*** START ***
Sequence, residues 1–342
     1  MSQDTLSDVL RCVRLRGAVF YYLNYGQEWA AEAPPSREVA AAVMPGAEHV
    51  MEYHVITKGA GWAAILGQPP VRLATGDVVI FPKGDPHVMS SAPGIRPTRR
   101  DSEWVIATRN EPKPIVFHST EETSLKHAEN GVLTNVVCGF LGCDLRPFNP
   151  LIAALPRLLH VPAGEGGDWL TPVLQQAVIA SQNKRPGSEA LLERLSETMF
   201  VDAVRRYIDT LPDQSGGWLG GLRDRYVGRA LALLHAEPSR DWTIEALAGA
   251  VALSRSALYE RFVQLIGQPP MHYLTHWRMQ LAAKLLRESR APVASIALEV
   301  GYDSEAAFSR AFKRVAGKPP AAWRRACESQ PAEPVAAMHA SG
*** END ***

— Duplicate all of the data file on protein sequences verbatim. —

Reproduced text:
Sequence, residues 1–342
     1  MSQDTLSDVL RCVRLRGAVF YYLNYGQEWA AEAPPSREVA AAVMPGAEHV
    51  MEYHVITKGA GWAAILGQPP VRLATGDVVI FPKGDPHVMS SAPGIRPTRR
   101  DSEWVIATRN EPKPIVFHST EETSLKHAEN GVLTNVVCGF LGCDLRPFNP
   151  LIAALPRLLH VPAGEGGDWL TPVLQQAVIA SQNKRPGSEA LLERLSETMF
   201  VDAVRRYIDT LPDQSGGWLG GLRDRYVGRA LALLHAEPSR DWTIEALAGA
   251  VALSRSALYE RFVQLIGQPP MHYLTHWRMQ LAAKLLRESR APVASIALEV
   301  GYDSEAAFSR AFKRVAGKPP AAWRRACESQ PAEPVAAMHA SG